The foundation of violence in Sinai goes back to the two decades following the October War in 1973 and the subsequent return by Israel of the peninsula to Egypt piece by piece. In the 1980s, the state made several promises of investment for development, none of which was fulfilled. In the mid-1990s, a new wave of development promises came from Cairo, and were met when Sinai became a hub for mega-tourist investments. However, none of these benefitted the peninsula’s marginalised population. Large areas, historically owned by the Bedouins, were taken from them by force and given to Mubarak’s business elite. The most significant ‘developmental’ change we can document is the opening of a window for locals to provide camel rides to tourists and play the exotic subjects in their photographs.

Credit should be given to the marginalised Bedouins of Sinai, who rejected the radical ideas and violence preached by the Mujahideens returning from Afghanistan in the 1990s. At the time, radicalisation and violence was hitting hard the rest of Egypt, as the returnees successfully recruited combatants among the Nile population. Sinai remained safe from that mess.

The first escalation only came after the unfortunate Taba bombings on the Red Sea coast in 2004, right after which radicalisation started happening in Sinai. Although the operation was found to be an al-Qaeda one planned from abroad, the security apparatus of Mubarak has persecuted, tortured and even murdered members of the Bedouin tribes in a lawless show of excessive power. This marked the beginning of success for militant elements from the Nile Valley and abroad seeking a hideout in the poor and geographically complex central and northern regions of the peninsula.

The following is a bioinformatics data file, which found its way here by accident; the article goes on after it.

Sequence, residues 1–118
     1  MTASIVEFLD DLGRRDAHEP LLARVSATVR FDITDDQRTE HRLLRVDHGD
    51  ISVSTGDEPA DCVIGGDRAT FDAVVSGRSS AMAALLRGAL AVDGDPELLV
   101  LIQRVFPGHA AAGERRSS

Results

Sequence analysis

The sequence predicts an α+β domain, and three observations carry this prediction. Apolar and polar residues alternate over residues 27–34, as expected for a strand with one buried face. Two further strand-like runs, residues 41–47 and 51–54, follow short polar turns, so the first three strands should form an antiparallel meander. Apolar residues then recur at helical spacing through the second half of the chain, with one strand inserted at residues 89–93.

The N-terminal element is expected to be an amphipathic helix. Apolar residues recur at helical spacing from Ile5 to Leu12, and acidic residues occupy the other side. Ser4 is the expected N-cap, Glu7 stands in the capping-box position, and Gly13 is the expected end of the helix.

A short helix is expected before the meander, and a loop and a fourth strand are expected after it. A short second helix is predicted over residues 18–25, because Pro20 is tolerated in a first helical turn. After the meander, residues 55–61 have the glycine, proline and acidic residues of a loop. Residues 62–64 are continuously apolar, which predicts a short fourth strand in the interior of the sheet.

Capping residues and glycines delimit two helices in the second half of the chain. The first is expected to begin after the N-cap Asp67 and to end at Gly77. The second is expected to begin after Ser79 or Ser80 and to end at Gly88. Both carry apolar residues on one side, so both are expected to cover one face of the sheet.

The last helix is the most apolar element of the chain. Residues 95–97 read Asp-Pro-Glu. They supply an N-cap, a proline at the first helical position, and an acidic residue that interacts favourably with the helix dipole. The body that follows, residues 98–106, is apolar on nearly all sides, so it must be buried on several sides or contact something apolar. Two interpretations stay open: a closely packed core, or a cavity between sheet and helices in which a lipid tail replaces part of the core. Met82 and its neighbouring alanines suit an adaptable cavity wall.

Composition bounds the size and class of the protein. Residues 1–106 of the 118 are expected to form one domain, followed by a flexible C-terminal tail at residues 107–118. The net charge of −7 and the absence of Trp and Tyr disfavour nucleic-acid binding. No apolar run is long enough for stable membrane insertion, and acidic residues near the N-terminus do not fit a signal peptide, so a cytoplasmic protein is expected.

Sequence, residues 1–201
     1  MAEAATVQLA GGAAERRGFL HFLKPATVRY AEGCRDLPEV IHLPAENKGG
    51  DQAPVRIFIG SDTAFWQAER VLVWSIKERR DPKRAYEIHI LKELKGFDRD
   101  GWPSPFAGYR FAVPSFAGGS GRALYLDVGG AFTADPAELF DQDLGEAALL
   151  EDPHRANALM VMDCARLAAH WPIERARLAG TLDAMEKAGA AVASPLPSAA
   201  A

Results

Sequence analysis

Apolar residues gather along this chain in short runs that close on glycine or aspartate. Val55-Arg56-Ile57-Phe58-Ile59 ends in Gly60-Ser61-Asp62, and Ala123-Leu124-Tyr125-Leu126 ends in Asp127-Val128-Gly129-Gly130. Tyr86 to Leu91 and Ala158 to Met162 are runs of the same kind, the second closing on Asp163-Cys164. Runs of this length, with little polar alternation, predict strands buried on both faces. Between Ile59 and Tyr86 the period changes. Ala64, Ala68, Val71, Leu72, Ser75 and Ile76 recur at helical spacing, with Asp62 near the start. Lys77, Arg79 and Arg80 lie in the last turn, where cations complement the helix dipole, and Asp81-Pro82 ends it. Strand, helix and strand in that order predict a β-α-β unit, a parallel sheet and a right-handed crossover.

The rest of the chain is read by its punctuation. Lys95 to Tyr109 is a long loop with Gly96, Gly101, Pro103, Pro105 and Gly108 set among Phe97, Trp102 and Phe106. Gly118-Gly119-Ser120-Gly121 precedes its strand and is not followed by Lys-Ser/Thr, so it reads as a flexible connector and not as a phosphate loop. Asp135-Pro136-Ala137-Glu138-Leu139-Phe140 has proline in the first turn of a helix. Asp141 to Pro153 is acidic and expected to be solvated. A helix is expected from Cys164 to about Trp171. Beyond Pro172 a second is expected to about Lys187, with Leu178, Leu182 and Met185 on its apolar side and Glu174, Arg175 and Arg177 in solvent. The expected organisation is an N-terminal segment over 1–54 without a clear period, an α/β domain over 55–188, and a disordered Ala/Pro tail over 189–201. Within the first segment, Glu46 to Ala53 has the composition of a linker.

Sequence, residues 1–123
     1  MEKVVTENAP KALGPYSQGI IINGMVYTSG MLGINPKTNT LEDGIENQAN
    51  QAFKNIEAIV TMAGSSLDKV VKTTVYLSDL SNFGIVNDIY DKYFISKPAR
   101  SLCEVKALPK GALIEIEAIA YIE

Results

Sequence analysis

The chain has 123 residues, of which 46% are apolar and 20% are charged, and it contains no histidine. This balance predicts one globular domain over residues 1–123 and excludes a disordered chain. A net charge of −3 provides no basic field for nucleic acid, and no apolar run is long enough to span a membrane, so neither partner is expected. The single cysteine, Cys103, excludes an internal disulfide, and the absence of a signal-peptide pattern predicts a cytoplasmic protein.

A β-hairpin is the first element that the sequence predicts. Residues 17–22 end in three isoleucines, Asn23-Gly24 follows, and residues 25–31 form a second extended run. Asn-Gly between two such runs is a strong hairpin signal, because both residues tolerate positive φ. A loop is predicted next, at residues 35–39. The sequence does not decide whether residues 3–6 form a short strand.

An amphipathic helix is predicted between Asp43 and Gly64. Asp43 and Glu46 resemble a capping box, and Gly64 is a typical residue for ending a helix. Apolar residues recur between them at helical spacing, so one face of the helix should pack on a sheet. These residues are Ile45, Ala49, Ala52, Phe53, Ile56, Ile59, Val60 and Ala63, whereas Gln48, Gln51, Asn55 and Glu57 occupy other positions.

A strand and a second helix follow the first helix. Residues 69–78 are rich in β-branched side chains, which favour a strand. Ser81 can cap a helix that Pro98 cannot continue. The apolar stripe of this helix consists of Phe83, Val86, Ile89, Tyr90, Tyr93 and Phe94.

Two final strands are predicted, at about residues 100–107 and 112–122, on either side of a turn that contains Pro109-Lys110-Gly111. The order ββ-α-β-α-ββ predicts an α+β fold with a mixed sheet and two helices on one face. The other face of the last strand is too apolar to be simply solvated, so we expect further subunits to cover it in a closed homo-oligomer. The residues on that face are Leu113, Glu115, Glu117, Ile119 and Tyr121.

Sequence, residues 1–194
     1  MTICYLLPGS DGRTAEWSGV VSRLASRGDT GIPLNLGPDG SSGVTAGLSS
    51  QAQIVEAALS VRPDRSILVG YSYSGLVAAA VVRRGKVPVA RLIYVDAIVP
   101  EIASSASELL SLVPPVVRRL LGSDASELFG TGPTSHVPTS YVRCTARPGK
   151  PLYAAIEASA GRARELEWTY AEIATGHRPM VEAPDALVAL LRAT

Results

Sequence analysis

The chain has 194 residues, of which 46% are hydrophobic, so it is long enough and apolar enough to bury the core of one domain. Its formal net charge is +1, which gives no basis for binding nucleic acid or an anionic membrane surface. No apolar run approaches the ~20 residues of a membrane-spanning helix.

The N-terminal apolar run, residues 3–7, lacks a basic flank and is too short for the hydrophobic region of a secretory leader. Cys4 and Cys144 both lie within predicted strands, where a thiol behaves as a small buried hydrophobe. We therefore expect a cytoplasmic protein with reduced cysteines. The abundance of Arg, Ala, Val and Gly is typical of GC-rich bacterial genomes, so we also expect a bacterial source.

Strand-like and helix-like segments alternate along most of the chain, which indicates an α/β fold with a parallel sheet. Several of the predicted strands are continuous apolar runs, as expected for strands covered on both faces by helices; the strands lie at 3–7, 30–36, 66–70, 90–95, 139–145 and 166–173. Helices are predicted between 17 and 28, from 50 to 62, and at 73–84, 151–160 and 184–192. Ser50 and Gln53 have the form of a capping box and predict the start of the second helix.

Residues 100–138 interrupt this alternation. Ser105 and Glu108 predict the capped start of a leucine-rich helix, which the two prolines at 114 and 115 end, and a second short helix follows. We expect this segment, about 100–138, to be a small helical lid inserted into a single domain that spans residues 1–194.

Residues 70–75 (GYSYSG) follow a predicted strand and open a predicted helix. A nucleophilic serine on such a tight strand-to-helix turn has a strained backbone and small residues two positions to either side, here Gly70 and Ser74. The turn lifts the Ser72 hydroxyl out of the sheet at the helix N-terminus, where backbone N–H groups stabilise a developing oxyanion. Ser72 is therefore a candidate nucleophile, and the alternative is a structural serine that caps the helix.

Mubarak’s apparatus brought the Nile valley security culture and practices, and made use of them against the Bedouins. The urban dictatorship came straight from the Nile banks into tribal territories in the desert, introducing the peaceful locals to state violence, torture, and murder, under the guise of emergency law and ‘fighting terrorism’. This was an act of dehumanisation, whose consequences no one could afford, neither then, nor now.

Following the short-lived 2011 revolution that brought down the tyranny of Mubarak, the 2013 military coup deposed the Muslim Brotherhood president Mohamed Morsi with popular support. Since then, Egypt is living under the most repressive regime ever witnessed in its modern history. The country is now one of the world’s top jailers of journalists and political opponents. In line with this severe repression and state violence, Sinai witnessed a second and much bigger escalation of violence than in the aftermath of 2004 bombings.